It is not that this Madrid that functions as a goldsmith (ten different scorers in January alone) needs Jovic’s goals. The but It is in the medium term. He was signed at the price (€ 60M) of a great forward at mid-point cooking so that he absorbed everything he could from Benzema, but is disconnected and, what is worse, it seems to bother the rest of the team, accustomed to Karim’s extreme mobility. “Jovic knows he has to work, it has to adapt … these complicated moments will come in handy, “was the recipe Zidane recommended in Zaragoza. It didn’t sound like reproach. Less coming from a technician who took a cape and shield to defend the Balkan in Saudi Arabia:” It’s the future, it will make many goals here. “DisconnectedBut the case is that Jovic only remembers the sensation of marking them of his days in the Eintracht. In Madrid, somewhat in 748 minutes. With the club frankfurter was wearing at this point last season 18 goals, including a glorious poker to Fortuna Düsseldorf (three with the left, one with the right hand and another with the head).But that day when he revolutionized the Bundesliga explains well what Jovic is like. The five targets went to Hugo Sánchez style, at a touch. Pim, pam, pim, pam, pum. The antithesis of Benzema. The French barely joins a shared shyness that Karim took off since Cristiano left. Jovic, on the other hand, is having language problems (although Modric throws a cable) and, in the field, gets into his shell. A mystery that has to unravel Zidane. The only but of the Real Madrid in La Romareda it was Luka Jovic. It is not the typical case that the adversative conjunction works to cancel the first part of the sentence. The white team dominated Zaragoza on its serious road to the Cup, although still not understanding his center forward substitute.Jovic’s statistics yesterday was an informer. He only touched the ball 14 times in 73 minutes, less than half of the ball touches than his goalkeeper. Areola did it 34 times. Jovic gave barely seven passes (One every ten minutes!), Three times less than the French firefighter. When the player closest to your goal intervenes more than the man closest to the rival goal, bad business.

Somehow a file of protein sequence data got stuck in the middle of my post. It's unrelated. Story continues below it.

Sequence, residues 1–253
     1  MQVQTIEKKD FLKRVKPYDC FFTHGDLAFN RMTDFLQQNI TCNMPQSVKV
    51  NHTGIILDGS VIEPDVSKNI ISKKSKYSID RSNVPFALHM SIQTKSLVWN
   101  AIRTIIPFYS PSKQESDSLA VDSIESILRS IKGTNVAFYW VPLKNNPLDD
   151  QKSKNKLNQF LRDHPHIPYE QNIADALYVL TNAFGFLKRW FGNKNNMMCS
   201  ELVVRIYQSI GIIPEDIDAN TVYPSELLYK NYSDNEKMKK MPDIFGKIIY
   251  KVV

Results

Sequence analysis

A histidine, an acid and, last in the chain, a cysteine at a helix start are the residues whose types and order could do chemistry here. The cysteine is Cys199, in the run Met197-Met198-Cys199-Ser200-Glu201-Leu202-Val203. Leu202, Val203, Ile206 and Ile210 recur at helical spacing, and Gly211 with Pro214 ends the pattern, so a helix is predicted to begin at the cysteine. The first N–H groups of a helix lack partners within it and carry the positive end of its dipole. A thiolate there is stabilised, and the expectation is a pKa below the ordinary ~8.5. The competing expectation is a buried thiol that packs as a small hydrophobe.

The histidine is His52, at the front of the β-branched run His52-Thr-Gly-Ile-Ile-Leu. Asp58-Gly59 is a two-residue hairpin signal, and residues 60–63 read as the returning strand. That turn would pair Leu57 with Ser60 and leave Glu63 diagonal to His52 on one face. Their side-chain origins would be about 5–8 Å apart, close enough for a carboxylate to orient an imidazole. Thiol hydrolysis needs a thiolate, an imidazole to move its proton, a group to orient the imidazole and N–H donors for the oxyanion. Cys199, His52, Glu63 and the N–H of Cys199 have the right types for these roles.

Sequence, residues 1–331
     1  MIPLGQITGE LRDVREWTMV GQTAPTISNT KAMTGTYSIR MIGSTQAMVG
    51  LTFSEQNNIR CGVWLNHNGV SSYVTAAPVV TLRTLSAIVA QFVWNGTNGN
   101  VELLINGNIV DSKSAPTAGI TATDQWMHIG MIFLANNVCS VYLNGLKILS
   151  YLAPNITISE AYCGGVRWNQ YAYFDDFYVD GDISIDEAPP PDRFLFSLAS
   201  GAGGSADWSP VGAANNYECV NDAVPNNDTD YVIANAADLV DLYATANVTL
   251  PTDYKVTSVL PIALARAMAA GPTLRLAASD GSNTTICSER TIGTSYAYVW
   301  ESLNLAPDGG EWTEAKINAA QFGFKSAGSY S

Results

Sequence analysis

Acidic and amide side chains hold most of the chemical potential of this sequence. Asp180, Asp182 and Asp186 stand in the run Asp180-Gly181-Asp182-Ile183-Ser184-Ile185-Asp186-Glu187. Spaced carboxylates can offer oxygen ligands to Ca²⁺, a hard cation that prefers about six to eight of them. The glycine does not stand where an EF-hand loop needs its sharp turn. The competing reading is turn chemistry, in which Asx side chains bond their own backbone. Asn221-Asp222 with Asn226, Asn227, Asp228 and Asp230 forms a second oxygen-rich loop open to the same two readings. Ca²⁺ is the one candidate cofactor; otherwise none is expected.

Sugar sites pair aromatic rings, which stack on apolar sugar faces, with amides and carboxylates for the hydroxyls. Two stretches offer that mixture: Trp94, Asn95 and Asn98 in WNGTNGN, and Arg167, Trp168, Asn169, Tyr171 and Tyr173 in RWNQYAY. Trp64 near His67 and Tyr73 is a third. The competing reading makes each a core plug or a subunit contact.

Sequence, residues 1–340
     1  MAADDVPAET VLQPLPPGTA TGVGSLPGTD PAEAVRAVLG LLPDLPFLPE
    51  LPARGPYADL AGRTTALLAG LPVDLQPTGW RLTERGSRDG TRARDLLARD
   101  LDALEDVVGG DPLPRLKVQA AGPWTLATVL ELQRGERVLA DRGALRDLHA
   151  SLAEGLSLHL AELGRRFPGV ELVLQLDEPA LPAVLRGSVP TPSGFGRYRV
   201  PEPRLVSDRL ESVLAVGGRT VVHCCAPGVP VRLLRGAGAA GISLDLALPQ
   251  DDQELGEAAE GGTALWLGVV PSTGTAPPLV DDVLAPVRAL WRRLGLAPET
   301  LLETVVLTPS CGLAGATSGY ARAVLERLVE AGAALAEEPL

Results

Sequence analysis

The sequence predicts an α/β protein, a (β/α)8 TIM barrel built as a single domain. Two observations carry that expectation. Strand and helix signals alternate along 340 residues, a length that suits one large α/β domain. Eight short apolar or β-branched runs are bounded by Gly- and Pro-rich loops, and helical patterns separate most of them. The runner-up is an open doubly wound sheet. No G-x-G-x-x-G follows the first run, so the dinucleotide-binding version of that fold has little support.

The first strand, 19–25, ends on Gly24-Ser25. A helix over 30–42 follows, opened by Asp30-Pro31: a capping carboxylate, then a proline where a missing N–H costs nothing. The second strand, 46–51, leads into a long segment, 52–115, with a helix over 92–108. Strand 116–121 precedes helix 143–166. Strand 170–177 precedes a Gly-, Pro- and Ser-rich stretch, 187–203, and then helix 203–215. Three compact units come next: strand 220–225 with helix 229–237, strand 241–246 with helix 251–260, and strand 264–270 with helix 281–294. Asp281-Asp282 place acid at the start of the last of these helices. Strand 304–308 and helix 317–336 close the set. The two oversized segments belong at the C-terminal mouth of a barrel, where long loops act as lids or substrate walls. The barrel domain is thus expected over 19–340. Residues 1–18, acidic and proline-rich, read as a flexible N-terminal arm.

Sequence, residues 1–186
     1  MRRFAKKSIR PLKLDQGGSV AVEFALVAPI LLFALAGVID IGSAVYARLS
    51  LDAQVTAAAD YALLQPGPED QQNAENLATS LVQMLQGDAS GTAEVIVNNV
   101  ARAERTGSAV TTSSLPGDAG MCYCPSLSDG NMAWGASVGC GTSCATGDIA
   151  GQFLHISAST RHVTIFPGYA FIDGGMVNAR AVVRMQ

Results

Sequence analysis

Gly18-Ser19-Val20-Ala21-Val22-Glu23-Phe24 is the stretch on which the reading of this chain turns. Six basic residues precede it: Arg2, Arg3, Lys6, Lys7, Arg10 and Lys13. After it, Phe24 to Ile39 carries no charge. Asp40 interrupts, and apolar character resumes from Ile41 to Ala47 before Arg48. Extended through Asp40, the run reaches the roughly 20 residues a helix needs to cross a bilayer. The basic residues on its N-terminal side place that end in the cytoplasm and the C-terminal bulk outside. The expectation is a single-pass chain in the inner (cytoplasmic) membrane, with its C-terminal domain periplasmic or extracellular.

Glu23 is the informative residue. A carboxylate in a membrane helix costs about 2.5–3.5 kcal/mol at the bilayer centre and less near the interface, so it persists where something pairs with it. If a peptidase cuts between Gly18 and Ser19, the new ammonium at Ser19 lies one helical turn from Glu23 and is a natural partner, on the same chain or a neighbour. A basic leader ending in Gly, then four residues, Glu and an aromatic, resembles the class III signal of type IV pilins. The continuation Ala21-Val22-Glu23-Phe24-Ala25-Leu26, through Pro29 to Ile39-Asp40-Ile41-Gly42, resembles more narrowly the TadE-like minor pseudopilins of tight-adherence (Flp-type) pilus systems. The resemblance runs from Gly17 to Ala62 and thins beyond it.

Minister of State Joseph Harmon on Sunday, urged the residents of Mabaruma, Region One (Barima-Waini) and its surrounding communities to hold public officials, inclusive of those in Regional and Neighbourhood Democratic Councils (RDC/NDCs) accountable.Minister of State Joseph Harmon addressing residents at the Mabaruma Primary SchoolPublic officials, the Minister stated have been elected to serve and citizens must, therefore, demand that their interests and those of the community are addressed.Minister Harmon was at the time speaking at a community meeting held at the Mabaruma Primary School where he addressed concerns raised by residents.He told residents that Central Government would continue to play its part in ensuring that infrastructural, social and other needs were met but noted that the Regional and Neighbourhood Democratic Councils must also share in this responsibility.Harmon also said that community leaders and regional and local officials must understand their roles and endeavour to function efficiently. He posited that citizens suffer the most when leaders become complacent and do not serve in the best interests of those who elected them.“Our community leaders must face the community. If you cannot talk to your people and do things for them then they will not respect you or listen to you. You have to see people and see what they need. As a leader, you need to get on the ground and relate to people so that you can understand what is taking place. It is always important to come on the ground and get in touch with the people, with their feelings, with their understandings and what needs to be done,” Minister Harmon said.Several residents raised concerns about Government-sponsored programmes such as the Sustainable Livelihoods and Entrepreneurial Development [SLED] Project, community training and other capacity-building opportunities, which they said is only beneficial to one section of the community.Harmon assured the aggrieved residents that the Social Protection and Public Health Ministries along with other agencies would be consulted on the approach used to select candidates for programmes and initiatives. He made it clear that all must benefit from opportunities made available by the Government.Additionally, the Minister of State spoke of President David Granger’s Frontline Village Policy that was announced during his visit to Whitewater – also in Region One – earlier this year. The policy speaks to the establishment of military patrol bases and heightened 24-hour security by the Guyana Defence Force (GDF) and the Guyana Police Force (GPF).As such, Minister Harmon urged the residents to continue being vigilant as the country’s borders are expansive.